An aseptic needle puncture could be all that is required therapeutically, as in this case, without anesthesia.
Steady pressure has been known to cause it to disappear.  Surgical closure of the opening, if known, is the definitive treatment. 
Pre-operative complications include rupture into blood vessels, leading to emboli formation, infections and possible erosion of the skull bone. There could be infections after the puncture.
We present a case of a possible spontaneous subgaleal aerocele.
| Case Report|| |
On the 25 th of July 2007, a 35-year old Igbo-Nigerian female was seen at the neurosurgical out-patient section of the Ebonyi State University Teaching Hospital, Abakaliki, Ebonyi State, Nigeria. She was about 4 weeks post-natal. The pregnancy, labor and delivery were uneventful. She had a 10- month old gradually enlarging soft mass, about 19-22 cm wide on the occipital region, about 7 cm on the right temporo-parietal region, extending from the right temporal region backwards, involving the right parietal and occipital regions, into the left occipito-parietal region [Figure 1] and [Figure 2]. She recollected feeling the sensation of a fly in the right ear while lying down. She got up, flushed the ear with water, but saw no insect. A few days later, a swelling appeared in the right temporal region, which continued to grow despite the application of native mixtures to the area. Apart from the accompanying headaches, she was well and breast feeding her new born baby. There was no history of head/neck injury, head/neck infection or surgery.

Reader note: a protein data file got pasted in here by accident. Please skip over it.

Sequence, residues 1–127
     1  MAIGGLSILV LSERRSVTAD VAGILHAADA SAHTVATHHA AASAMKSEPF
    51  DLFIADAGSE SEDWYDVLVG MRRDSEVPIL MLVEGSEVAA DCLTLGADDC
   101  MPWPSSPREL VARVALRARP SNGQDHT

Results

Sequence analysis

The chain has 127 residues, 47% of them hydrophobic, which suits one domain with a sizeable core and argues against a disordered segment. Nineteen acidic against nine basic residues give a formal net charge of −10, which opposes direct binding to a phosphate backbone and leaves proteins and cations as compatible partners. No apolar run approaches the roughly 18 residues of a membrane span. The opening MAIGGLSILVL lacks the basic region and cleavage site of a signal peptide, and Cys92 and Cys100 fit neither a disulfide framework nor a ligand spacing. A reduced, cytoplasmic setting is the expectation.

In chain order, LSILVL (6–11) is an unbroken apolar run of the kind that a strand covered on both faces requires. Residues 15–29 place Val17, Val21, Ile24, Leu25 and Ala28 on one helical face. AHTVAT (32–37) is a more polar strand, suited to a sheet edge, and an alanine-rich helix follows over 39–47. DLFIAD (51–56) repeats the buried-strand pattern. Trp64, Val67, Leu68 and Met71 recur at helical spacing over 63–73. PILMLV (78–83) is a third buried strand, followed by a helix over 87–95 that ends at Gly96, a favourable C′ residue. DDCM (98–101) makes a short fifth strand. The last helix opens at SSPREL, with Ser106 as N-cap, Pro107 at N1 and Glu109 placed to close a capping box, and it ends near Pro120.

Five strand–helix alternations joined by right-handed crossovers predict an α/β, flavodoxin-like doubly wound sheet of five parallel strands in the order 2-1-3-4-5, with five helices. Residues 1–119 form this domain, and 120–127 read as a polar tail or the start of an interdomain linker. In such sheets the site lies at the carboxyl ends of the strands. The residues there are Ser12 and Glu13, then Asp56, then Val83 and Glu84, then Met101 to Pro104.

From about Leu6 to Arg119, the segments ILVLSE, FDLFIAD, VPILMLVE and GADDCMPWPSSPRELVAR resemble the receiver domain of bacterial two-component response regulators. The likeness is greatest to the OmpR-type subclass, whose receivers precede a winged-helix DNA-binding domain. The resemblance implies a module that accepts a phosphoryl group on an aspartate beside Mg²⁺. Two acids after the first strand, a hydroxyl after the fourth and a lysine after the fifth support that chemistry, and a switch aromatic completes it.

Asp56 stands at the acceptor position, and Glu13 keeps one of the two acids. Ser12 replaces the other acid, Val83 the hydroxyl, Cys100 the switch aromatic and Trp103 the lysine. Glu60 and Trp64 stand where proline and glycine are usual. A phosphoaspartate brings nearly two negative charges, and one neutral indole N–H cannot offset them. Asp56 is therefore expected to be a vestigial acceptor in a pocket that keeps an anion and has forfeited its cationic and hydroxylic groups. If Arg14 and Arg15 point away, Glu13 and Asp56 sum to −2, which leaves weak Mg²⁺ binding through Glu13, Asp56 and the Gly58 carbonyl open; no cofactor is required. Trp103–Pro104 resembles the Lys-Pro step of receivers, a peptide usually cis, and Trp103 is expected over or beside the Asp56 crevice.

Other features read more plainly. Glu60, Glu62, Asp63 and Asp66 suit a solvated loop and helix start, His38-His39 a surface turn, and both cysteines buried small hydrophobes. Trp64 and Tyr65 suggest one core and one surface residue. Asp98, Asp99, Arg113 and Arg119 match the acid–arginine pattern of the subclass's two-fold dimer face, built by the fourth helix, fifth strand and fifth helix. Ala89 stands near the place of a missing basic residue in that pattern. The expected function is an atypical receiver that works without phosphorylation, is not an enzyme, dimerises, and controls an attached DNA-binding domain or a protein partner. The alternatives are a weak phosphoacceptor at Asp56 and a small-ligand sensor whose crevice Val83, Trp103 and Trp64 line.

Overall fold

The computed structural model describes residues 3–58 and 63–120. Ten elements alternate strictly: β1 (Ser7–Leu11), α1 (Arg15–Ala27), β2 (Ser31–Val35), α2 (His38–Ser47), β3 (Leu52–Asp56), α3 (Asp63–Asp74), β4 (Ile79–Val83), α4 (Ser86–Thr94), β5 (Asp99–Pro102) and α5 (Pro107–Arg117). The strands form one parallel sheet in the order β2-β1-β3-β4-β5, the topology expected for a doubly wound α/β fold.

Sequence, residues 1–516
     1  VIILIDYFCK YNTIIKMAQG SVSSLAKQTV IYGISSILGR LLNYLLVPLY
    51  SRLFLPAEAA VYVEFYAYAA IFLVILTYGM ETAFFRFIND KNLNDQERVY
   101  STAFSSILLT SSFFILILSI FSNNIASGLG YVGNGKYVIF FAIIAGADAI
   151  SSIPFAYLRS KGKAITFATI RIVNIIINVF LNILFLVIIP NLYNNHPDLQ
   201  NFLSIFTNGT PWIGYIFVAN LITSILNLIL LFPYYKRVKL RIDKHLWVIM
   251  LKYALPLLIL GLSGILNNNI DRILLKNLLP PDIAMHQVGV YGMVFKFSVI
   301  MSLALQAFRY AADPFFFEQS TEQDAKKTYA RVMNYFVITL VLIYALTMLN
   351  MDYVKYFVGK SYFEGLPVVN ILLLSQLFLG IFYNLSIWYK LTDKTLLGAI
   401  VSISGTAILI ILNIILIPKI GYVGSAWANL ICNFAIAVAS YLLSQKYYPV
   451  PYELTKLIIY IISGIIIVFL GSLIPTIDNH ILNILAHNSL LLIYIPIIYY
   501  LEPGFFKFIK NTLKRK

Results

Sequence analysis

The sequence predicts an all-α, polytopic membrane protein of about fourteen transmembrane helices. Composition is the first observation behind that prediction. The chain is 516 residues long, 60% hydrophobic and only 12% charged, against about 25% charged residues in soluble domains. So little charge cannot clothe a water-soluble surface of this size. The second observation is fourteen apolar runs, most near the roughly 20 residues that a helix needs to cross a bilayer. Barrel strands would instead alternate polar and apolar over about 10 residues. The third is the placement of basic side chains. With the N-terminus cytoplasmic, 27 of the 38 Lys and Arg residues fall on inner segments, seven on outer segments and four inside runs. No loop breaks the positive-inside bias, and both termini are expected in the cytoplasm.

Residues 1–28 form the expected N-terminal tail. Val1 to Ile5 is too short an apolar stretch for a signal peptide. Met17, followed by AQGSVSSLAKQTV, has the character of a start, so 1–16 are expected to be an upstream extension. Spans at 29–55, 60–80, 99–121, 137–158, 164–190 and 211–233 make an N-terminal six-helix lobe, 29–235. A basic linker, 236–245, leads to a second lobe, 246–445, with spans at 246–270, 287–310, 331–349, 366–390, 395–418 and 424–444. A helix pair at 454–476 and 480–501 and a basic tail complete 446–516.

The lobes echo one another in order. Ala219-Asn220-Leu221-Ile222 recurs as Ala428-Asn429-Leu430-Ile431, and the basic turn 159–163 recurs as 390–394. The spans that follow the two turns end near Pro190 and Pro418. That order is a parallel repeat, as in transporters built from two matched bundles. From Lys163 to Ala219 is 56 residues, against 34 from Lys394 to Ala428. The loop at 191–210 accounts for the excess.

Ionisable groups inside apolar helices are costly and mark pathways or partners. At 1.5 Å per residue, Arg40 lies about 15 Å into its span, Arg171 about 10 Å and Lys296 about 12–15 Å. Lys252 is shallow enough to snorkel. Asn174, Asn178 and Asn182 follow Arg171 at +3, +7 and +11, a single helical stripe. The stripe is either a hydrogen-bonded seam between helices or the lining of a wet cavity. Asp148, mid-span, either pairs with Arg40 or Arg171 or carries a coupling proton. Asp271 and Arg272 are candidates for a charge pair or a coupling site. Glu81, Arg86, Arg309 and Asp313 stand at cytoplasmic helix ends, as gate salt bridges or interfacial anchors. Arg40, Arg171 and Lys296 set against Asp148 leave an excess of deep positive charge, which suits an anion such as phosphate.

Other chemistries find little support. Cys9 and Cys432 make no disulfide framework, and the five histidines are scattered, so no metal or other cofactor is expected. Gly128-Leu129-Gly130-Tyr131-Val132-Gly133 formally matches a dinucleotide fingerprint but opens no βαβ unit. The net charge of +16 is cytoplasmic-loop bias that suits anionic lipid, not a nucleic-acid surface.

|Figure 1: Right lateral view of patient showing hair loss over the lesion|
Click here to view
She had lost a lot of hair over the swelling, possibly due to the applied native mixtures.
The lesion was non-tender and not attached to the underlying structures. There were no crepitations, no fluctuant findings and no translucency. She had no gross neurological deficits, no general or systemic abnormality and her routine laboratory tests were within normal limits.
Plain skull radiographs [Figure 3], [Figure 4], [Figure 5] showed massive air under the scalp above the ear and marked bulging of the scalp extending backwards. No bony injury, no fluid level and no obvious intracranial air or lesion was seen. There were boselation of edges and partitions within the lesion.
There were no obvious connections to the sinuses, the mastoid air cells, the respiratory tract and/or the atmosphere. There was little air in the mastoid air cells and some in the maxillary sinuses, with the left being sclerotic.
|Figure 3: Lateral view of plain skull radiograph showing air in the lesion (posterior aspect arrowed) and in the mastoid and paranasal sinuses|
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|Figure 4: Straight view of plain skull radiograph showing air in the lesion on the right (arrowed), ethmoids and maxillary antra|
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A needle puncture there and then, under sterile conditions, yielded air and immediately completely deflated the mass. The deflation was so rapid that the quantity of air could not be measured. A pressure bandage was applied round the head to prevent a re-accumulation. She was then told to see us in 7 day-time. A few hours after the procedure and while still in the hospital premises, she had generalized convulsions for which she was hospitalized and treated accordingly. Without further attacks, her request for discharge the following day was granted. However, the anti-convulsion therapy was continued.